One of my former students runs a terrific site called Lone Umbrella, where he does top-notch, fact-based political analysis. I sure wish I could take credit for his brilliance! But alas, he’s just that good.
He asked me to be a guest contributor on his site and I had the privilege of writing up my analysis of the upcoming midterm election. Here’s an excerpt:
Mid-term elections are volatile. Almost always. They historically display the cantankerousness of the American electorate with pristine clarity. Mid-term elections are like the shiny new Christmas toy that finds itself dunked in an April mud puddle simply because you’ve become bored with it. That’s what happens. Two years after a presidential election is just enough time for the euphoria of “change” and “hope” and “greatness” and all other election slogans to wear thin to such a degree that the populace brutally penalizes the president’s party to let the other jokers have their turn messing things up. It’s a cynical cycle without question. The numbers back this up very clearly. Let’s take a look at the data before conjecturing their meaning for 2018.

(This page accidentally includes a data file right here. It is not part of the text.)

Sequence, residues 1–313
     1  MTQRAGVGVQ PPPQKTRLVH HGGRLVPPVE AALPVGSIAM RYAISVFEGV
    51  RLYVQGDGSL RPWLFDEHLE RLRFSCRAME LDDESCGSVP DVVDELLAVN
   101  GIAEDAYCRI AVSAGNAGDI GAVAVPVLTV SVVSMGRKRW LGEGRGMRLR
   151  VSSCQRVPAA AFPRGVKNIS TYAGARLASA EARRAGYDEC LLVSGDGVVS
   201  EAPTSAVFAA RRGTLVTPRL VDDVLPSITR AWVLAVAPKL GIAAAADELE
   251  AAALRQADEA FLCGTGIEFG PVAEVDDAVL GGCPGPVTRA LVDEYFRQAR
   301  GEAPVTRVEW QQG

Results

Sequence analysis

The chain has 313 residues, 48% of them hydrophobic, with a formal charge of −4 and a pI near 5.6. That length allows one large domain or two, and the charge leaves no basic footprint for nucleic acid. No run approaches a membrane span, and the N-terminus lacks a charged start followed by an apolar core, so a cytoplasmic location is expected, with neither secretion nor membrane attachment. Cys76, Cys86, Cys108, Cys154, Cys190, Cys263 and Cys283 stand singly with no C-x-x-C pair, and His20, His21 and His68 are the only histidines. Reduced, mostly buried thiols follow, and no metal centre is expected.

In post-World War II America—which covers a span of eighteen mid-term elections—the president’s party on average loses 24 seats in the House of Representatives. Currently, there are 235 Republican representatives, 193 Democratic reps with seven vacancies.
Piqued your interest? READ the ENTIRE ARTICLE ON LONE UMBRELLA